Man, lotsa dust on this keyboard. Gotta start with something easy to warm up the ol’ thinker.
Steve Sailer has an old, but still very interesting article tabulating the differences between gay men and lesbians. It’s very easy to draw inferences from the article, but Sailer’s strategy of *wink* *nudge* *point* kinda grinds on me. I like my analysis the way I like my liquor: straight-up.
Here are some exemplary tendencies:
- Gays have a visually oriented cognitive style, whereas lesbians have a verbally oriented cognitive style.
- Gays have classical and avant-garde taste in art, whereas lesbians have folksy and traditional taste in art.
- Gays see humans as art objects, whereas lesbians resent objectification.
- Gays are snobbish and hierarchical, whereas lesbians are sensitive to lesser talents.
Paraphrased from “Why Lesbians Aren’t Gay”
by Steve Sailer
in National Review
I acknowledge that inference is a weakness of mine, so I engage in it for the same reason that I exercise. So I’ll just slip into something comfortable and you can watch me exercise. Metaphorically speaking.
Oh yeah, but you should read the rest of the original article first. (Achievement unlocked: Awful compositional structure!)
The point of all this is to study the malleability of differences between men and women, although Sailer takes his time in saying so. After we realize this, gender analysis becomes a trivial game of matchmaking between column A and column B. Are men’s brains wired from birth to have a visual cognitive preference? Let me just look at the column for gay male tendencies and…yup, that doesn’t appear to change much with nurture. Are men wired to prefer jobs outdoors? Nope, looks like that’s primarily a cultural thing.
To defer criticism for a moment, I’ll recall to critics’ very intelligent and educated minds* that heritability is not the same as malleability. A 100% (virtually) heritable trait like height can be very malleable by the environment, particularly malnutrition and death.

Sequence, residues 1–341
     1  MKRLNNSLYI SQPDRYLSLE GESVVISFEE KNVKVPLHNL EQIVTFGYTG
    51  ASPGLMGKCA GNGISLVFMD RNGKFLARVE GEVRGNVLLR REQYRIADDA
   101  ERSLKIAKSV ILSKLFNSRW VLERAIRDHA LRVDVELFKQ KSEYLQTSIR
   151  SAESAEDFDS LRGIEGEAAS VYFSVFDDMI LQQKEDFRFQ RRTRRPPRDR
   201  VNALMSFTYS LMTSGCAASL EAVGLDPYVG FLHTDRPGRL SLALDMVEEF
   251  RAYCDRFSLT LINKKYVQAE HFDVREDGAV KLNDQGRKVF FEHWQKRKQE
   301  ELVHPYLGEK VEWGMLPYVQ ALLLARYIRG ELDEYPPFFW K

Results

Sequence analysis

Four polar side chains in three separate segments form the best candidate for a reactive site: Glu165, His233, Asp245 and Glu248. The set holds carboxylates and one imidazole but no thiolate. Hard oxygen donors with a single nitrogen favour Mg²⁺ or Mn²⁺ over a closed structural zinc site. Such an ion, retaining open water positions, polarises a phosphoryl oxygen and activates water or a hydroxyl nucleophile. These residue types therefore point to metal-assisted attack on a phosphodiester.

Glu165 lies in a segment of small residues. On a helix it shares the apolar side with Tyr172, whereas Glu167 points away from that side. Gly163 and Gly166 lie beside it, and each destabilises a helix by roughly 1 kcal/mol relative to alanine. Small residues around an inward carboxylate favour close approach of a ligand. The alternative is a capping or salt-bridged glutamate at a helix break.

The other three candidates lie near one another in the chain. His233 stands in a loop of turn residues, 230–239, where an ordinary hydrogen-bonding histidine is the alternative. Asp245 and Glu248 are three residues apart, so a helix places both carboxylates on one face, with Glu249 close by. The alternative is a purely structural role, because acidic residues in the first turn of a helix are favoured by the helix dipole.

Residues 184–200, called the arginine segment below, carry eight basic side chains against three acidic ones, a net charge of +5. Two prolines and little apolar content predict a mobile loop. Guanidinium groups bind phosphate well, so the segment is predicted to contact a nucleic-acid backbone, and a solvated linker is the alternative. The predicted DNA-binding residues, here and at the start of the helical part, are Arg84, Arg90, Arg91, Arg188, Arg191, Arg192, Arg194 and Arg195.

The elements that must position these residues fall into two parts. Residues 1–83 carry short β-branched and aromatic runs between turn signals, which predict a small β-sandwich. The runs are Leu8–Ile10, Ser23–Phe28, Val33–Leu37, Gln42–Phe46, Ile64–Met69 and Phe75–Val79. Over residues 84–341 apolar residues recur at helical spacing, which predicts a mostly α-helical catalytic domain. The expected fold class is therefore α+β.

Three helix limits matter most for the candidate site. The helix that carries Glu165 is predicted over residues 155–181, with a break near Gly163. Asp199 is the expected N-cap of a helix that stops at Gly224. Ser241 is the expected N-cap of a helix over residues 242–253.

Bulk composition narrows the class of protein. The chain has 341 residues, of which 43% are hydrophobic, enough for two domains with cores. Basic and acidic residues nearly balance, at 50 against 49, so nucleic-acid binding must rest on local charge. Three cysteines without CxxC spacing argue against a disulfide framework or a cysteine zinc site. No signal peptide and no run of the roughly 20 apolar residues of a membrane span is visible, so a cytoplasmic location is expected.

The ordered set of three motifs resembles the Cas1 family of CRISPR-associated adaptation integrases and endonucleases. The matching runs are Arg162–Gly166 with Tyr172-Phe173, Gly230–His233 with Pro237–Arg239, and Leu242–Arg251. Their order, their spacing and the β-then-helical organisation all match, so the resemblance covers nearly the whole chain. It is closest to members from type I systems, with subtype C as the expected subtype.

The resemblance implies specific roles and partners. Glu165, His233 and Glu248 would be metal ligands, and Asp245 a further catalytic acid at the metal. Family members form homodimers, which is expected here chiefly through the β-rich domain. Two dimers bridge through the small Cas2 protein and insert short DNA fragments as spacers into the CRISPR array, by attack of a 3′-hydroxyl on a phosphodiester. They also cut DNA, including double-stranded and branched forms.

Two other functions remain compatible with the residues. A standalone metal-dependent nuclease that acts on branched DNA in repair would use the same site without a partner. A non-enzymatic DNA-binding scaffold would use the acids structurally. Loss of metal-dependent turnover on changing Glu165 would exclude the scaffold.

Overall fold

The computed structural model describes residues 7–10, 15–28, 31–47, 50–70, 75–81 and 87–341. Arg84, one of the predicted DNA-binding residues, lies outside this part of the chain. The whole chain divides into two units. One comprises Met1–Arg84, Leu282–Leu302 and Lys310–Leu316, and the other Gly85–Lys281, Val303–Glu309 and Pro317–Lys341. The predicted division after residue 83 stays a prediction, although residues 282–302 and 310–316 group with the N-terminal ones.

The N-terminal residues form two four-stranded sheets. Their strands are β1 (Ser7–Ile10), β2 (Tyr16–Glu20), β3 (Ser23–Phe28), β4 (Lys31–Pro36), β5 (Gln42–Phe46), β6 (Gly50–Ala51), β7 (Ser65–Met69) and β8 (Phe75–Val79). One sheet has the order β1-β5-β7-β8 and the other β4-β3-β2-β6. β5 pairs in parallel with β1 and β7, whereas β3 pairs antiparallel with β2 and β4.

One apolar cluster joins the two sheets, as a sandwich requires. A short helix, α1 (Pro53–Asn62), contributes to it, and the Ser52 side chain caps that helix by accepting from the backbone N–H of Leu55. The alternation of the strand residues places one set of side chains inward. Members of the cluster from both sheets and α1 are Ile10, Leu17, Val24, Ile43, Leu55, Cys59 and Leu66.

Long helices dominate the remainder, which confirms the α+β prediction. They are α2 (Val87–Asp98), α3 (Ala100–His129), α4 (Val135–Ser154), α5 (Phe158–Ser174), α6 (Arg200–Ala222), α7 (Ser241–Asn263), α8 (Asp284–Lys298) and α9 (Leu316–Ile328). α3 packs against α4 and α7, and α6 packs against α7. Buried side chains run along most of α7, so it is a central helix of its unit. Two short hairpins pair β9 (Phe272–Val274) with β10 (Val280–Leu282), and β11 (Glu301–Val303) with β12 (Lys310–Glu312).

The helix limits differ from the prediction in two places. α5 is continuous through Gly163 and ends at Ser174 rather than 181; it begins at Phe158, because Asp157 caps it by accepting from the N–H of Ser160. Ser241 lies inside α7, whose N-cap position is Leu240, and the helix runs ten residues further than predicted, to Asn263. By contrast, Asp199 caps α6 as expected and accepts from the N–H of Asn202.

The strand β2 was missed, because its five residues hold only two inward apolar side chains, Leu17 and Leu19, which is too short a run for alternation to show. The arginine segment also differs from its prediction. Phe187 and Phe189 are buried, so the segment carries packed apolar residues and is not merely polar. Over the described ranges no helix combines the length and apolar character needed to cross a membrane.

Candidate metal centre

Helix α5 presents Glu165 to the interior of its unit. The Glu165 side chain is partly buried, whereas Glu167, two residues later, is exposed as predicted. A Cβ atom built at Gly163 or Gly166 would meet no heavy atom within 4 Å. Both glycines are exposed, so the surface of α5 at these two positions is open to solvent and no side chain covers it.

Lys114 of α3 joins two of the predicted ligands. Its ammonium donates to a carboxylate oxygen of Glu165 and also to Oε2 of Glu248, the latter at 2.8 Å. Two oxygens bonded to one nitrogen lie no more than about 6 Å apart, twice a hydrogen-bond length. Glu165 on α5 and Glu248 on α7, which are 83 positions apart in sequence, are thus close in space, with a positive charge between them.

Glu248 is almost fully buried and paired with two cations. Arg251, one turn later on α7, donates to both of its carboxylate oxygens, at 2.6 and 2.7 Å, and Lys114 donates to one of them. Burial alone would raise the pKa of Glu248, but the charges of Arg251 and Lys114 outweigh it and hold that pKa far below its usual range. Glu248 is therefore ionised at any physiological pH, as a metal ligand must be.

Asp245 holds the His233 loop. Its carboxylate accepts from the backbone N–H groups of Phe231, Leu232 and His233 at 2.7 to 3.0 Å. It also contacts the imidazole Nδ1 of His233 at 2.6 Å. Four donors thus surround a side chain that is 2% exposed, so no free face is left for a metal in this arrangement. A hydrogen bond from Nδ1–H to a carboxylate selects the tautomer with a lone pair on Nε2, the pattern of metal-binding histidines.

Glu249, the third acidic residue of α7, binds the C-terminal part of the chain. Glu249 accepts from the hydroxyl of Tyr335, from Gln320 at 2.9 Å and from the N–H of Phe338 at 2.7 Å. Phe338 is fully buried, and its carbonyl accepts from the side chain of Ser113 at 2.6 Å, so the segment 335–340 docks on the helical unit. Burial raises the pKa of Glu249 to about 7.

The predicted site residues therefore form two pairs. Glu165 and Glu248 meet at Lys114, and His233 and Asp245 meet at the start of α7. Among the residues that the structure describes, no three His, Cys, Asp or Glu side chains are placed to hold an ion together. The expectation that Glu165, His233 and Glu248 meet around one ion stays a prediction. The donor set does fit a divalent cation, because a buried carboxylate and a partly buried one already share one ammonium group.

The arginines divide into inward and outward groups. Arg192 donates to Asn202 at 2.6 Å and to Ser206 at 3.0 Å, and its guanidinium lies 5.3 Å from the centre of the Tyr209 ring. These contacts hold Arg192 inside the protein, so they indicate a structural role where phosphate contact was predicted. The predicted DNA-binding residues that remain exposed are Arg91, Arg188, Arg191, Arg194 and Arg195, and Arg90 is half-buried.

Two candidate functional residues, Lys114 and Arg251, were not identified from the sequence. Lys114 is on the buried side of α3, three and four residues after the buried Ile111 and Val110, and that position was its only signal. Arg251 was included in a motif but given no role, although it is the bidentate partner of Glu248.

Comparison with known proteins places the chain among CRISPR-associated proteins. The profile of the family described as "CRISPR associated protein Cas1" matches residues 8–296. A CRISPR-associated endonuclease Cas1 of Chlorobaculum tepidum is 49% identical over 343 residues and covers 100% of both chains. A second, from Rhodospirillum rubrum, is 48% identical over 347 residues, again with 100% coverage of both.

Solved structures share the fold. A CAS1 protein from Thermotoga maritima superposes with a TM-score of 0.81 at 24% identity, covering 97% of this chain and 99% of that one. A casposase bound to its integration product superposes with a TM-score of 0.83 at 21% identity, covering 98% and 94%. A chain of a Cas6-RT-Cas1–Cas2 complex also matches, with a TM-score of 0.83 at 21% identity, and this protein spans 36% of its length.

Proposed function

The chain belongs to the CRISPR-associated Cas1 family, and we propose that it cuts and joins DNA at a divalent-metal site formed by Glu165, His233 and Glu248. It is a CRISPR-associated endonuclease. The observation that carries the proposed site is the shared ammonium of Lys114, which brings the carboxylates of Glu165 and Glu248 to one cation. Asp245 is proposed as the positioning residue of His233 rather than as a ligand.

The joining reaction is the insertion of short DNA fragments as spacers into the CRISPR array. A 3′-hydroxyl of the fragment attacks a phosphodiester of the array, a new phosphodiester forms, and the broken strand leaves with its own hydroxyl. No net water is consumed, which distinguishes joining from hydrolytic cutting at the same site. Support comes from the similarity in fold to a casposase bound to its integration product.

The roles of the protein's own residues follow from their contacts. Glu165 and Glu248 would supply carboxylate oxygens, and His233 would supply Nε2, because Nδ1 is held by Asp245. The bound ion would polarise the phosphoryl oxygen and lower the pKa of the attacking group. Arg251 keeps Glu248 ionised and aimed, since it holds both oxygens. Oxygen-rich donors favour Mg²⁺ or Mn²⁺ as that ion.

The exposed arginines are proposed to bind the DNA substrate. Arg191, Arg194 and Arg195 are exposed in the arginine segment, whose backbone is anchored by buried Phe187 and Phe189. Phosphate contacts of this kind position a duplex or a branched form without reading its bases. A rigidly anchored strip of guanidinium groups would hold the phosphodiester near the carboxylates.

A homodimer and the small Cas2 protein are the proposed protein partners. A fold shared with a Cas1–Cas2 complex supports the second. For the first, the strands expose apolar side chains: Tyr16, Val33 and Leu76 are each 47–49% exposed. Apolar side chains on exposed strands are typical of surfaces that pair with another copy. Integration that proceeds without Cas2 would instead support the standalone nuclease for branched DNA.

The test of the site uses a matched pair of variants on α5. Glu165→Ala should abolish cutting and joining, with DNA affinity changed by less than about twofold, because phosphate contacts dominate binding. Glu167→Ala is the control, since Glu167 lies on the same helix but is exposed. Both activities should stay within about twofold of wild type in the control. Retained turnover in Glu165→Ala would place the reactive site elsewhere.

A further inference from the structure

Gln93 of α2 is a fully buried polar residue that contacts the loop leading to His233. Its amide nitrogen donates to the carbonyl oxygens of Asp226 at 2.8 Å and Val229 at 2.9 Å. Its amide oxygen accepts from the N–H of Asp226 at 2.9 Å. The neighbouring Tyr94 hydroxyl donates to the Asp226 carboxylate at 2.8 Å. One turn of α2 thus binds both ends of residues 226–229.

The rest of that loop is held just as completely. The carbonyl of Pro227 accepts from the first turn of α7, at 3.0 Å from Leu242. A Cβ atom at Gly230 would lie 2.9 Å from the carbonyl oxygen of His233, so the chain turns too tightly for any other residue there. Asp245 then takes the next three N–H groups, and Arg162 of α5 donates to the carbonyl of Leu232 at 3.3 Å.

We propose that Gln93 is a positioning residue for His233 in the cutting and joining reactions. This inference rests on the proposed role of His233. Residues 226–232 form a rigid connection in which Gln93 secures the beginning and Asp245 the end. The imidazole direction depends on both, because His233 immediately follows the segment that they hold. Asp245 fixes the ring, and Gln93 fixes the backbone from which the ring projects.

Studying the differences between homosexuals and heterosexuals can provide a means for ruling out nature as the causal agent in gender traits, and to a weaker extent it can rule out nurture as a causal agent. A few complications can arise in the logic that are isomorphic to those in adopted twins studies, so I’ll just refer you to that. Anyway, since we’re talking spectra and distributions and modalities I get to play hard and fast with the fuzzy logic.
Another troubling detail is that personality traits are only malleable for a relatively short while, and are essentially set in stone after cognitive development ends (and peaks) at 25ish years old. Wherefore the saying that you become forever the person you are in your twenties. This makes studies of malleability rather difficult, because we also need to determine the period of the trait’s formation.
The study of sexual preferences, in particular, is becoming very clear. Sexuality in males becomes intractable very quickly, perhaps at the onset of puberty, which may explain the relative abundance of fetishism among males as compared to females. (Then again, this observation is confounded by the base rate fallacy because men are more variable than women. Women are more similar to other women than men are similar to other men.)
Speaking less from a logical perspective and more from a taxonomical/ontological perspective, I think homosexuality is a better classified as a fetish than a disorder. In part, this is merely a practical treatment which happens to produce useful policies. But I dunno, fetishes appear in groups the same way disorders do. Maybe it’s coincidence. Where does one find useful data on sexual paraphilia?
Well that went all over the bloody place. In conclusion, I need to get my hands on some grant money. And some brilliant but aspergic grad students who will work tirelessly for a song and dance, but now I’m just repeating myself.
*Hey Mom! Lookit me being all subtle and stuff!